Wilfrid – Landholdings

Reproduced from the North Isle Nave window in Chichester Cathedral

Landholdings of Wilfrid

The extensive landholdings that Wilfrid amassed over his long life were both a source of huge wealth and influence but also played a significant part in his downfall.

Michael Roper in ‘Wilfrid of Hexham’ (Ch3) catalogues the extensive landholdings into six distinct phases in Wilfrid’s life:

Phase 1 – Return from Lyons (659) until his confirmation as Bishop of York

10 hides of land at AEtstanforda and subsequently the monastery at Ripon 30 hides from his patron Alchfrith, son of king Oswiu and under-king of Deira

Land in Mercia, apparently including Litchfield, from king Wulfhere (666-669)

Phase 2 – Undisputed bishop of York with the whole of Northumbria as his diocese (669-678)

Repaired the uncompleted church at York (which Paulinus vacated when he fled back to Kent on the death of king Edwin)  and secured a land endowment  for it

From Ecgfrith and his brother AEfwine obtained a grant of extensive region in and beyond the Pennines

The estate at Hexham from queen AEthelthyrth on which he founded his second monastery

Many abbots of monasteries subordinated themselves and their houses’ lands

Phase 3 – First 5 year Exile

An attempt to settle in small monastery which was the gift of Berhtwald, member of the royal house of Mercia defeated by opponents

Moved to Wessex where he was given 71 hides of land at Wedmore and Clewer (Somerset) which he subsequently transferred to Glastonbury Abbey (H.P.R. Finberg, ‘The Early Charters of Wessex’ Leicester 1964, nos 362, 363, 366)

87 hides and royal vill at Selsey from king AEthelwalh of the South Saxons

The Selsey rights and territories were confirmed by king Caedwalla when he conquered Sussex who also added 70 hides at Pagham and  10 hides at Tangmere (HE IV, 13 CS64, CS 50) (on his return to Northumbria Wilfrid transferred Pagham and Tangmere to Archbishop Theodore and and Eappa became abbot of Selsey)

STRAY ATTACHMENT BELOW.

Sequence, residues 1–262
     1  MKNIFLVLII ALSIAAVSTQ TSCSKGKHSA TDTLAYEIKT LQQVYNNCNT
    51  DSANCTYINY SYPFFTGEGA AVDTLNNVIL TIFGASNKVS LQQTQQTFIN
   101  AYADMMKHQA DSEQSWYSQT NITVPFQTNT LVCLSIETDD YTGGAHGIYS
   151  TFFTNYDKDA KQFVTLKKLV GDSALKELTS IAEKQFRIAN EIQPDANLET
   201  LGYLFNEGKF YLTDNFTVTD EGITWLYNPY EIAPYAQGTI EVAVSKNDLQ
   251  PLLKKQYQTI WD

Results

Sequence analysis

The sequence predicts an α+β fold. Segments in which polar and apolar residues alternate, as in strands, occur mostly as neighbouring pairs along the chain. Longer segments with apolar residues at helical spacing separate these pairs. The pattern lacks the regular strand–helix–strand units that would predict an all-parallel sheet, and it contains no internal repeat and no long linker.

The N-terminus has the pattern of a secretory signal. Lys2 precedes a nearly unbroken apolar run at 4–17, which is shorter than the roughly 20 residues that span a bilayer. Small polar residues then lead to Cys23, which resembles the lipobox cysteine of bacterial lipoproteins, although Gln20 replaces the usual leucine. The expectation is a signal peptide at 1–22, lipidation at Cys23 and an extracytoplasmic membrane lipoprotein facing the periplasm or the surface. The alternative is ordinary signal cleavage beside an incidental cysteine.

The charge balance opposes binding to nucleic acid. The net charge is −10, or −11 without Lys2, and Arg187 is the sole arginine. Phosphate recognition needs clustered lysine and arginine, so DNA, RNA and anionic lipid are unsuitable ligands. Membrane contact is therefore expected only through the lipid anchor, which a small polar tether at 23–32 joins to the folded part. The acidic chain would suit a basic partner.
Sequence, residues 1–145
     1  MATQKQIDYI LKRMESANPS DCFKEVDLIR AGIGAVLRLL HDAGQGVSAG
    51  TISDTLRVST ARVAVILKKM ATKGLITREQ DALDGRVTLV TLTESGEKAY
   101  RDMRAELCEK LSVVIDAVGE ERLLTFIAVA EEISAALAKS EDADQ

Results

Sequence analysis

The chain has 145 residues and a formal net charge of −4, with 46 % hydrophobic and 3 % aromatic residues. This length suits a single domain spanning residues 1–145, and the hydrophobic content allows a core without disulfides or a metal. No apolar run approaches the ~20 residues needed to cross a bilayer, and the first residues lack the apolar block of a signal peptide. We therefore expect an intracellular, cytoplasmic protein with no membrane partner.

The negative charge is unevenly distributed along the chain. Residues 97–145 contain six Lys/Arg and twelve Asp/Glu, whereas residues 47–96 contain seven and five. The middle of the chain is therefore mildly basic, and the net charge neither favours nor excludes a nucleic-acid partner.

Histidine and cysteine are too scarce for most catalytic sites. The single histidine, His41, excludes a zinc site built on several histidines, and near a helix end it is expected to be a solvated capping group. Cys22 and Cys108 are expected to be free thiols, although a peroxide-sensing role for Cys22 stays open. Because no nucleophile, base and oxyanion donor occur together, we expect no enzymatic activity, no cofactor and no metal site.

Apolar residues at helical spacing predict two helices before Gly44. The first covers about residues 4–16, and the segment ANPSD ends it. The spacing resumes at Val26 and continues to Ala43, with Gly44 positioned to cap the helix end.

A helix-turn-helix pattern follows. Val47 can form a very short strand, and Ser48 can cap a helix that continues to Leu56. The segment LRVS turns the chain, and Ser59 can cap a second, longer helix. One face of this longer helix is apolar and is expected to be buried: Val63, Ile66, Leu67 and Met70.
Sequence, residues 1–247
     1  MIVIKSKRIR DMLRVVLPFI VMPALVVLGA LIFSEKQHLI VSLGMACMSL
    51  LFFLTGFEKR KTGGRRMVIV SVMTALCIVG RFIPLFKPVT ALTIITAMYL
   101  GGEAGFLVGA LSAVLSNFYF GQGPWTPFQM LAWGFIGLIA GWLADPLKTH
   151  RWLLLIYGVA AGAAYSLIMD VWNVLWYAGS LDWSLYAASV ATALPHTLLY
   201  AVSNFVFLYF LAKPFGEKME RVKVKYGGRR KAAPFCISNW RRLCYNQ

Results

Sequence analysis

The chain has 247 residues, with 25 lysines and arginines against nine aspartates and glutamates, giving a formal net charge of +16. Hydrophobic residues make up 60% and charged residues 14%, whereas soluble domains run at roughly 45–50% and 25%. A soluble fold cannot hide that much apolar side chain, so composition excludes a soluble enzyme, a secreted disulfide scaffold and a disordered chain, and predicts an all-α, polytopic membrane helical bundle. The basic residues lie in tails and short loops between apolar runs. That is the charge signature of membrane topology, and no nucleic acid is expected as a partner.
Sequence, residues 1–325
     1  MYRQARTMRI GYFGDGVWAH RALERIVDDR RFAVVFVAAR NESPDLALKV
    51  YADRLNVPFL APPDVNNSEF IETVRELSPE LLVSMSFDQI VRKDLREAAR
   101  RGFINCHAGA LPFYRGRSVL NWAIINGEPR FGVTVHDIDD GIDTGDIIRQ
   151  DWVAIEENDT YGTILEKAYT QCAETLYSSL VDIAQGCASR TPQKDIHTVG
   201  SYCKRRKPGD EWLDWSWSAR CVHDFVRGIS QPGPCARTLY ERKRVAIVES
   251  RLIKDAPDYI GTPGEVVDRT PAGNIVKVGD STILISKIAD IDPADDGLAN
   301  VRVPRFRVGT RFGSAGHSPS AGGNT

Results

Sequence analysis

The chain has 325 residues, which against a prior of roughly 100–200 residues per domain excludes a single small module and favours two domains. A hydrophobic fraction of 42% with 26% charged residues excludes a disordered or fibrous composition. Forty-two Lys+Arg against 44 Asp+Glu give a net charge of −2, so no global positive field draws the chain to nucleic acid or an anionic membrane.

A quarter of the newly conquered Isle of Wight from Caedwalla (HE IV, 16) (on his return to Northumbria he left his nephew Bernwini in charge)

Phase 4 – Return to Northumbria

After reconciled with AEthelred of Mercia, Wilfrid’s Mercian possessions are restored

Briefly administered the bishoprics of Hexham and Lindisfarne during vacancies before being restored to the see of York and the monastery at Ripon

Phase 5 – Second exile from Northumbria

Deprived of his Northumbrian possessions and retired to his Mercian estates which appear to include Leicester where he was said to be the first bishop (HE IV, 23)

May have inspired the foundation of the Minster at Withington (H.P.R Finberg, Lucerna, London 1964, 21)

Obtained then, if not earlier, the monastery at Oundle (where he eventually died)

Visited Sussex and probably during this time Nothgitha transferred to him lands at Lidsey, Aldingbourne, Westergate and North Mundham which she had received from her brother Nothelm, king of the South Saxons, for the purpose of founding a monastery. (HE IV 14, CS 78, CS79)

Phase 6 – Return to Northumbria

Restoration by the Council at Nidd of the monasteries at Ripon and Hexham and appointment as bishop of Hexham

Retained his Mercian possessions bar Leicester

One of his final acts was to make provision for the future of his several monasteries and appointed his kinsman Tatberht and his protégé Acca as his successors of Ripon and Hexham respectively